The 8th Coffee Shop

The 8th Coffee Shop

A client of mine was holding himself back from applying for a promotion…

He was excited by the content of the role and the fact that it would play to his strengths, yet still stretch him.  He became animated when he talked about it and seemed genuinely enthused by the contribution he could make to the organisation by stepping up to this role.

However, alongside this enthusiasm sat doubts.  He began to list all the people in the company who were more suited to the role — naming people who had more experience in managing teams.  He wondered aloud how many more people in the wider business community could do it better than he could.  As he thought ‘reasonably’ about his chances, his shoulders began to slump and the twinkle went out of his eyes.

Whenever a client doubts the value of their unique contribution, I always tell the same story:

At a busy crossroads in a bustling shopping town, there are 7 coffee shops right next to each other..  Seven.  I’ve been going to the area for years and (apart from a short period when one of them closed) there have always been seven.  And they’re usually full of people.  How can seven coffee places survive right next to each other?  By being unique.  They each have a slightly different offering, aimed at a slightly different type of customer.

The famous “our deepest fear” quote by Marianne Williamson sits well here.  Who are we not to be brilliant, gorgeous, talented and fabulous?  Who are we to hold ourselves back?  If we have an urge to do something, we should go for it.  It will not be like anyone else’s.  It will be uniquely ours and the way we do it will be unparalleled.

Of course we must train, study, research, experiment, tweak … whatever it takes to make our ‘thing’ the best it can be.  If we’re committed to this work, why shouldn’t we throw our hat in the ring?  Why shouldn’t we open the 8th coffee shop?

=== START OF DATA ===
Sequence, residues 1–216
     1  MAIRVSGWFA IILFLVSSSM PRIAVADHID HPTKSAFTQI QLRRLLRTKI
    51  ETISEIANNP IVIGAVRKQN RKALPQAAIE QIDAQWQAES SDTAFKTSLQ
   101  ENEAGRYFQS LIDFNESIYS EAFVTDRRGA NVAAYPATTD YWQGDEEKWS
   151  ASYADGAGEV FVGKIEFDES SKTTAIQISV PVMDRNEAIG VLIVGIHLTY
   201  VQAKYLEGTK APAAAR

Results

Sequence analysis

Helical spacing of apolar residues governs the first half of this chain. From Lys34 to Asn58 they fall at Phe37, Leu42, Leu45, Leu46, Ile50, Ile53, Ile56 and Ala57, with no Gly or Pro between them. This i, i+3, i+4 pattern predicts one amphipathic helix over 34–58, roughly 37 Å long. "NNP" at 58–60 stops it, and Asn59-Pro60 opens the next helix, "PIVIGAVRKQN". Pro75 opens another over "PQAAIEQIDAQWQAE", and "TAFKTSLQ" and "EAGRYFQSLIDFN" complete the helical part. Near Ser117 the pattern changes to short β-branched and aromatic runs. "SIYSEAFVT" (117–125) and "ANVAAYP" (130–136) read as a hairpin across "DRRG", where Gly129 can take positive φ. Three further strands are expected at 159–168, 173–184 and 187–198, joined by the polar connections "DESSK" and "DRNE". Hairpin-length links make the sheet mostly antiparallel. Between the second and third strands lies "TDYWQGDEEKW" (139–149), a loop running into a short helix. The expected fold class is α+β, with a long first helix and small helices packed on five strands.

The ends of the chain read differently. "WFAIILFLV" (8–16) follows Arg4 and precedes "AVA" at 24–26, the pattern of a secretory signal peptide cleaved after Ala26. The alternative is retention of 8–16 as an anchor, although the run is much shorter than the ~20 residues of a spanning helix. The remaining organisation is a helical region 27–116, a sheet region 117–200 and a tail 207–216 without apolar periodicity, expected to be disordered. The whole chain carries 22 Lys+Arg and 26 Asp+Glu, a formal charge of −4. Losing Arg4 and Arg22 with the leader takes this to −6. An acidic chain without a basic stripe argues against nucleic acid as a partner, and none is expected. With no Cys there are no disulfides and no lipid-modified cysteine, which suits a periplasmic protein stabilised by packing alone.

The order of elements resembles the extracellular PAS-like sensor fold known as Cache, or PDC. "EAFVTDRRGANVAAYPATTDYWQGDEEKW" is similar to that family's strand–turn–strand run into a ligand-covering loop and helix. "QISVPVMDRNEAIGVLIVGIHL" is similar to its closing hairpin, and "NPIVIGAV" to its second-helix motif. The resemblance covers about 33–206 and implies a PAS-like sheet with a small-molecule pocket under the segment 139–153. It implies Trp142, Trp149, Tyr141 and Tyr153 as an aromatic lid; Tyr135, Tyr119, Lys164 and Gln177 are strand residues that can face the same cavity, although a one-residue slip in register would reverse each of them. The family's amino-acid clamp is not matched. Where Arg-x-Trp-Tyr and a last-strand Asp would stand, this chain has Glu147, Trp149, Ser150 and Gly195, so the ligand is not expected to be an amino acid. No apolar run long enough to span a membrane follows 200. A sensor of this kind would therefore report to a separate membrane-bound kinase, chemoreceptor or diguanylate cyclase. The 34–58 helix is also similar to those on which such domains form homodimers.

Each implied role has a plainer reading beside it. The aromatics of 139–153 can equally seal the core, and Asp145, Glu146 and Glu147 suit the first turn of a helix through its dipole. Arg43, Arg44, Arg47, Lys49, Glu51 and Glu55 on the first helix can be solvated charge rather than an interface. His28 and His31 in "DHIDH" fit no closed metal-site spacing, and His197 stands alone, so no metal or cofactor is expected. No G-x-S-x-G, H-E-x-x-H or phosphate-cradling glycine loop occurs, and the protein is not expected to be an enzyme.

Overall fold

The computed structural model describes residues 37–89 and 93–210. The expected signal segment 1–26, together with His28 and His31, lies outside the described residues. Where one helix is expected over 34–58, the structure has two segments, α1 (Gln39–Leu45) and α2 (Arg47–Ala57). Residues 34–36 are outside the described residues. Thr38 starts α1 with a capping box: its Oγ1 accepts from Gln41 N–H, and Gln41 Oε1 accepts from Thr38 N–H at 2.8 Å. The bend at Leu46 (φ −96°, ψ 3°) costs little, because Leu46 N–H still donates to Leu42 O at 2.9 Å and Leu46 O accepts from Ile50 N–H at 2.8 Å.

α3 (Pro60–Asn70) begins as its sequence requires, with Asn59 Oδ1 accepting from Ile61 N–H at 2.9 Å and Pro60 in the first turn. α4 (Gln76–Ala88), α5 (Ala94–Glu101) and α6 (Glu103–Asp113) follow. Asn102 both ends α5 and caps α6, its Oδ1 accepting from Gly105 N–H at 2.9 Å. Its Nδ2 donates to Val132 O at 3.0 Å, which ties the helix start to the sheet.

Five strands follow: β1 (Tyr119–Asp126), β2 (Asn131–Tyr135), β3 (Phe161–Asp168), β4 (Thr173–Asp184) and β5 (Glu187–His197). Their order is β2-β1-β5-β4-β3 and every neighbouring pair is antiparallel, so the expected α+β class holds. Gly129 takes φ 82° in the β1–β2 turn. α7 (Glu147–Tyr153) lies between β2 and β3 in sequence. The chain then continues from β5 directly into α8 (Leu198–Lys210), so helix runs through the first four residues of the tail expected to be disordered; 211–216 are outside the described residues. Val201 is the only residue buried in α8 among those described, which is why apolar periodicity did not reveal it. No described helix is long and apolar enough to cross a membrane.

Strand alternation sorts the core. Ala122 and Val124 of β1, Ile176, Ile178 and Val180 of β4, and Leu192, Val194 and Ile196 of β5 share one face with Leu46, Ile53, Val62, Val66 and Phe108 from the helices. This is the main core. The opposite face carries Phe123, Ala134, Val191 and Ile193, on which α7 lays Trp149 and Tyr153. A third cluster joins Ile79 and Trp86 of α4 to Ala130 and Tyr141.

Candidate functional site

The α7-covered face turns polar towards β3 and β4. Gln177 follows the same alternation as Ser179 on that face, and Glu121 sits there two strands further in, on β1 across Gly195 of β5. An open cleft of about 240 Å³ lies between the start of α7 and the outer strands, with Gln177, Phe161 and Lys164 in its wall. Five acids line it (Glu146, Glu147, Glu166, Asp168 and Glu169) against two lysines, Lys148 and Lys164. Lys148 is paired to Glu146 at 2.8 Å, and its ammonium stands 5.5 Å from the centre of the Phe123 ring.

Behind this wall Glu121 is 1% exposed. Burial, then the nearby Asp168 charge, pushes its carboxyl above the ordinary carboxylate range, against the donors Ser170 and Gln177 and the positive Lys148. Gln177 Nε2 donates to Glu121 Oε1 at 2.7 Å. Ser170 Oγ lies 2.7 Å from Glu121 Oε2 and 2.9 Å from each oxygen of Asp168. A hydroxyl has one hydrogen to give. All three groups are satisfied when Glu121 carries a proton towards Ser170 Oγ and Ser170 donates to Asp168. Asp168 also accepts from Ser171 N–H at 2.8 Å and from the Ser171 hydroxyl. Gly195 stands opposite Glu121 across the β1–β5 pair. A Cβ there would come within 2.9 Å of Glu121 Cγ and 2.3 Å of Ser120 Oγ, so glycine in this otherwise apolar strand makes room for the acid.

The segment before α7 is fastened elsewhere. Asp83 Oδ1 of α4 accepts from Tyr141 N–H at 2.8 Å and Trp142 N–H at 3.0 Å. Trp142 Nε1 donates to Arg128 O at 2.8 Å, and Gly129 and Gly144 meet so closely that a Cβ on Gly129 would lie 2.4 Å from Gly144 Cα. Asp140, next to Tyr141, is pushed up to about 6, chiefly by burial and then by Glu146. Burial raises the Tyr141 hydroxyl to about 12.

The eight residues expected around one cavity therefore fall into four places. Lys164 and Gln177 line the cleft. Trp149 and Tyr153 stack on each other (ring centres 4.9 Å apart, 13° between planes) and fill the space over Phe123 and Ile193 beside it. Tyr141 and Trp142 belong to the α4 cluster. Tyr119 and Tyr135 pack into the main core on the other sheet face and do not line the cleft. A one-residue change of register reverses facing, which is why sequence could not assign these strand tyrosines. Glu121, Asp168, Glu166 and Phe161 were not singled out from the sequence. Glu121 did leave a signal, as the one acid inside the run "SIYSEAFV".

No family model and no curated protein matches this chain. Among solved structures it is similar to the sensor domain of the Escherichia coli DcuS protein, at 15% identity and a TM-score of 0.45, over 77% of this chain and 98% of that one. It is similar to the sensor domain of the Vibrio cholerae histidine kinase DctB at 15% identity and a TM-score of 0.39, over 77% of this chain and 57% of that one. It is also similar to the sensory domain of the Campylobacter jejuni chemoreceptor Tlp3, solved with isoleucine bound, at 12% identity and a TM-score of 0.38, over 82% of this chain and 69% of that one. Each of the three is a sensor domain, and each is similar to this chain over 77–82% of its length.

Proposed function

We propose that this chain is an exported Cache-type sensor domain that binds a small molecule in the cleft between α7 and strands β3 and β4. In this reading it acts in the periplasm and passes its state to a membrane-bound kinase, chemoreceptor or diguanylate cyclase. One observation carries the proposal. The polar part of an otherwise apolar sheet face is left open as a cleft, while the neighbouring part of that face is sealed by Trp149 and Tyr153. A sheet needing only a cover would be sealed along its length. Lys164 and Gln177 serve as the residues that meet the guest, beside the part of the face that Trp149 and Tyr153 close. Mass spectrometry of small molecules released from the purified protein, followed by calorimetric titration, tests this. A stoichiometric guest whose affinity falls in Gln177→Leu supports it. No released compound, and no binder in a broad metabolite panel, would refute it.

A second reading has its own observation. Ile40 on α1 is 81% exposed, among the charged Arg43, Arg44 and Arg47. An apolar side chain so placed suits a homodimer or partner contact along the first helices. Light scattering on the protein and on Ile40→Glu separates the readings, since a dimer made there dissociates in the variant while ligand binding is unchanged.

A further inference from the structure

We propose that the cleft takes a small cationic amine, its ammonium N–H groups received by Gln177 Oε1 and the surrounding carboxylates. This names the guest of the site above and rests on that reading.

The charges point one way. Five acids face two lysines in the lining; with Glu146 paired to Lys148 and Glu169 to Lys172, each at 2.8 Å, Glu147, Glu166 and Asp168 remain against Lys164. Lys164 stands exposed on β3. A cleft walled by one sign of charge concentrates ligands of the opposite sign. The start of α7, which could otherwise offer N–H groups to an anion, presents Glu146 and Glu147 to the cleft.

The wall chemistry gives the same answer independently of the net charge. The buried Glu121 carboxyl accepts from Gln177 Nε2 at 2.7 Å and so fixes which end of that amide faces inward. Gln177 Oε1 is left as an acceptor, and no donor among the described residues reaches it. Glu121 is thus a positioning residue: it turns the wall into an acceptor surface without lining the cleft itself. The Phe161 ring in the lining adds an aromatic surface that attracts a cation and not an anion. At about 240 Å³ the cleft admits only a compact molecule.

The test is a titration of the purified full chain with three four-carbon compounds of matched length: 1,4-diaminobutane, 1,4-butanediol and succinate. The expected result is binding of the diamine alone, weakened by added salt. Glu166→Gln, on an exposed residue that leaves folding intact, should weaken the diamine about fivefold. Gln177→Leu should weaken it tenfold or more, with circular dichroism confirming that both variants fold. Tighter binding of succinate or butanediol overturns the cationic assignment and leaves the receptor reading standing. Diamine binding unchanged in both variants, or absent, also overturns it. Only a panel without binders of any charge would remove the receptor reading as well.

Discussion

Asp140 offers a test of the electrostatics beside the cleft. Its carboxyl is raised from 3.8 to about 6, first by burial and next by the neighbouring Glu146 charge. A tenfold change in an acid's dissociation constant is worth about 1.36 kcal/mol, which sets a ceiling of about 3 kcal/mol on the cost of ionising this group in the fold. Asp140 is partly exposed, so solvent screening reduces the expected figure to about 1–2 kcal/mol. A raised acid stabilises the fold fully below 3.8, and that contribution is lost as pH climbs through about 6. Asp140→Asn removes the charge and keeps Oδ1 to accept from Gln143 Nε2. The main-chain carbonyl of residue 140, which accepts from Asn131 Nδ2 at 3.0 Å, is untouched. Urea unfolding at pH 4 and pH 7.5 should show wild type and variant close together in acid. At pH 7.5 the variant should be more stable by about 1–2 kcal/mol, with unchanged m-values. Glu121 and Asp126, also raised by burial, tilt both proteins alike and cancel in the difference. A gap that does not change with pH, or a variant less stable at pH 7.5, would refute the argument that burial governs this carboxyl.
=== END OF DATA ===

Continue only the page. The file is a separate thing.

If we take the coffee shop metaphor literally for a moment, I’m sure there are lots of examples of new coffee shop businesses failing, so I’m not suggesting we blindly go into a venture completely un prepared.  I am suggesting we objectively evaluate the unique value we could bring.

Your assignment:

Calculate the risk.  What’s stopping you applying for the promotion?  Or starting your own business?  What’s the worst that could happen?  What might improve your chances of success?  E.g. ask your boss for some mentoring or start the business at the weekend and test the market.

In what areas of your life or work do you value your uniqueness?  Take some time to reflect (maybe ask people around you what unique value you bring: to a relationship, to a team, to a group of friends).  How can you leverage this?

Spend a few minutes (don’t dwell) thinking back on how you’ve held yourself back in the past —because you thought someone else had already ‘sewn up the market’ or that you had nothing to add.  What might you do differently now?

About the Author:

With a background in professional performing, singing teaching, marketing consultancy, public speaking, EFT and coaching, I am uniquely placed to help you improve your business performance.

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